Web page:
Quite like a squirrel, I have been preparing for my impending Winterschlaf. Over the years living here, I have developed something of a system as the days shorten and temperatures drop. Some animals grow a wintercoat and store nuts – I grow a fat coat and if I didn’t have a child, or a job, would almost slip into total hibernation. As it stands, I do a partial hibernation (most of it spent awake, yet in my burrow) and an aggressive sort of positive thinking practice that revolves around ‘it isn’t that bad’ and ‘it could be worse’ weather-related mantras.
Whether or not my system is in the slightest bit effective, or indeed healthy, I cannot say – come January, February and March, I bleat and whine and complain on a nerve-grating level, so my system in that respect does not carry me gaily through the stark, bleak, icy, cold, grey, wet tedium of a seemingly endless winter. But it does fool me into believing, for a few weeks, while the leaves turn and there is the smell of woodsmoke in the air, that I can do this.
So how, you may well ask, do I achieve this sense of ambition, this belief in my ability, despite being reptilian, to thrive when all else around me is leafless and lifeless? Well, I eat. This is the best time of year in Germany to eat, not least because you can wear whatever you like to maximise comfort while eating, and no one will know you’re in lounge wear underneath your winter coat. The Christmas treats have already crept out – Pfeffernusse, Stollen, Lebkuchen, chocolate upon chocolate – and will only become more and more abundant as we head towards December. In December, the Christmas markets will roll out the deep-fried, sugar-coated, piping-hot balls of dough, the slabs of cheese-covered woodfired bread, fresh Zimtsterne, roasted nuts, cones of hot chips smothered in mayo – (a dietary, year-round staple, to be fair) hot Glühwein, hot chocolate, hot any sort of sugar and fat, really. And I will be at those markets, shovelling it all in, possibly begrudgingly sharing with die Lüdde who has already displayed an alarming enjoyment of Pfeffernusse. Like her mother before her.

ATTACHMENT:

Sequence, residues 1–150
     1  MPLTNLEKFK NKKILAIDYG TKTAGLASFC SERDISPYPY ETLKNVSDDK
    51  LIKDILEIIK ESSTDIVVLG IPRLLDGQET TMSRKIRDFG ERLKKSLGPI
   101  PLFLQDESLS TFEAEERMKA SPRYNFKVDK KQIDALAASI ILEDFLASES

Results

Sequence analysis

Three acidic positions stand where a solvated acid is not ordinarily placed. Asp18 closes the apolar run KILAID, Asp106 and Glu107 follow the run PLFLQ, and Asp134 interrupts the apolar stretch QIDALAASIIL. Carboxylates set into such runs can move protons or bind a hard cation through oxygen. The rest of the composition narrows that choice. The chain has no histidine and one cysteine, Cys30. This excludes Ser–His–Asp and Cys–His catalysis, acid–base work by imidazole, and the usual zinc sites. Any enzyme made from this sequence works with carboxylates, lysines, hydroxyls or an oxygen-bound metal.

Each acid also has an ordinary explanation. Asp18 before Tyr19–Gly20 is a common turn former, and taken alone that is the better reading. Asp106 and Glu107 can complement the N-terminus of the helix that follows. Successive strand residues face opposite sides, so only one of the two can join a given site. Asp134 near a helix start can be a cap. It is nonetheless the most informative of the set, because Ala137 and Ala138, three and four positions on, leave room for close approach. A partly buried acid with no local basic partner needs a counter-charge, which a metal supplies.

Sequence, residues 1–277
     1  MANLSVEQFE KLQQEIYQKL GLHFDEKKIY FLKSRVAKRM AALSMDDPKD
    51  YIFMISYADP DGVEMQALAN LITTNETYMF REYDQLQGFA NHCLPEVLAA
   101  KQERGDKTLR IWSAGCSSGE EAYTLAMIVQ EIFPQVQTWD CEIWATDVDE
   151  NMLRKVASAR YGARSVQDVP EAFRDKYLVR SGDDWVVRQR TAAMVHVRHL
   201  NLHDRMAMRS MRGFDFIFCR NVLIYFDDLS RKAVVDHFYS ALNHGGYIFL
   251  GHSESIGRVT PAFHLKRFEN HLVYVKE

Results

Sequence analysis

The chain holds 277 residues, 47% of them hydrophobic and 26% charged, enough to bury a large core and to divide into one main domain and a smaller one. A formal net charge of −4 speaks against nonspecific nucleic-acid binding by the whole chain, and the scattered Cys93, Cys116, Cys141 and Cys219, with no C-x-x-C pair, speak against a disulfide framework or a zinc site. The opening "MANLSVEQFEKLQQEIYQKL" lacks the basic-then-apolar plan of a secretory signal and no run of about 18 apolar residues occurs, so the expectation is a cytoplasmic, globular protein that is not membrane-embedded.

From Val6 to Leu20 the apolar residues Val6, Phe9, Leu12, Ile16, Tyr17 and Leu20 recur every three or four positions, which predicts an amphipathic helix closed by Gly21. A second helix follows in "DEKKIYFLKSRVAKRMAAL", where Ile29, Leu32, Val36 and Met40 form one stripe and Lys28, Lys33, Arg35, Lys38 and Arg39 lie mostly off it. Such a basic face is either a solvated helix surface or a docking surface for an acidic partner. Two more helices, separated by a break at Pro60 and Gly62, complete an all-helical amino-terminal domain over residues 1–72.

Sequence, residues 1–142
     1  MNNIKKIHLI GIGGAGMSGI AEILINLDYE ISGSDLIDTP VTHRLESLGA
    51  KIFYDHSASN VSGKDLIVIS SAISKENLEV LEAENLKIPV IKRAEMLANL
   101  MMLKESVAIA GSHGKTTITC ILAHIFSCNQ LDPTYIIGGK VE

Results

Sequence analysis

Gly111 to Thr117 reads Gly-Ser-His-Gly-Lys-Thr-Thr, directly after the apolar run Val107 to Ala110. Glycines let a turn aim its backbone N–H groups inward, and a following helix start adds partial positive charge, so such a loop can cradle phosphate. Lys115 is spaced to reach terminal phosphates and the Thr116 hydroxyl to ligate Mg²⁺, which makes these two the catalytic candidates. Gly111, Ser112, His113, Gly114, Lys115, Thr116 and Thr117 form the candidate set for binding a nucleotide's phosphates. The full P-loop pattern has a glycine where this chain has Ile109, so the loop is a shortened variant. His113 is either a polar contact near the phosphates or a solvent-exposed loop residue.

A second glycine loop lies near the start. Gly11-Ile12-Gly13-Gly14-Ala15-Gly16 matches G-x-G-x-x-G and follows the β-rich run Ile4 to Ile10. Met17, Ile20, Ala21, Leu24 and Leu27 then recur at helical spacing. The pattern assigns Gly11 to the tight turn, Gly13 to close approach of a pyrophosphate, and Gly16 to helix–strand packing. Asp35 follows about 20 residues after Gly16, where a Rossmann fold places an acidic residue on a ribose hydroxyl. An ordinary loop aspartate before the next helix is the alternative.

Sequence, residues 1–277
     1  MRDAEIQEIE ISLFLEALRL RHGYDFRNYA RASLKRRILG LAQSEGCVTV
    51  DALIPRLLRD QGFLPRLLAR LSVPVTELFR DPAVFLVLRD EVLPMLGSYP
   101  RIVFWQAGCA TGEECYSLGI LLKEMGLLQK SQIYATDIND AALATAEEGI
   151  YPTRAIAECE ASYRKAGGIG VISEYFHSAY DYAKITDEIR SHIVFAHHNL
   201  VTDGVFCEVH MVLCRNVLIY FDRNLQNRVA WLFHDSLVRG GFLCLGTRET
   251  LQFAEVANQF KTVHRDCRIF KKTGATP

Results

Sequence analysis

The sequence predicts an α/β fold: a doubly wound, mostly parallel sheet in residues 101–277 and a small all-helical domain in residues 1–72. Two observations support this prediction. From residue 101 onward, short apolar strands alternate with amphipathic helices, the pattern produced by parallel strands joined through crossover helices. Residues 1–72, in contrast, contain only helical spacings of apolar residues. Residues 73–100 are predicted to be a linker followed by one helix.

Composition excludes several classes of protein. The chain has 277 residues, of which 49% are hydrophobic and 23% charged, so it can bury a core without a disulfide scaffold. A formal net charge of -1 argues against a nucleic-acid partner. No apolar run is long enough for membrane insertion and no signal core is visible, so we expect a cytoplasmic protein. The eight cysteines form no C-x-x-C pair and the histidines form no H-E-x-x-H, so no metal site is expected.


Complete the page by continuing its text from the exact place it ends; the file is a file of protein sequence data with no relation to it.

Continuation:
Another part of my system, involves spending plenty of time on my couch, beneath a quilt, as the term Winterschlaf would imply. Late one night last week, as my Mum and I battled the refusal of my 14 month old to retire to bed before 3am, Netflix congratulated us on watching ten episodes in a row. So that was sobering. And a glimpse of what’s to come.
Hot drinks also feature in the system, particularly hot drinks to take away, because Lord knows cafes are not where bossy toddlers want to be for any length of time, and not where fellow patrons want to be with bossy toddlers. Large hot chocolates or very strong coffees funnelled down gullets are key parts of afternoon fresh-air-taking power walks, and when I say key parts, I mean the only way these power walks are remotely palatable on 1 degrees days. Without them, die Lüdde and I would never receive a breath of fresh air.
Soups, namely ones with cream involved, rotate regularly through the dinner menu. Indeed I invested in a very large soup pot just the other day. There isn’t a vegetable I haven’t roasted, pureed in stock, blended with cream, and called dinner.
And that, my friends, is how I spend October, November, and December. Come January, the key part of my survival system is implemented; leaving Germany for four weeks.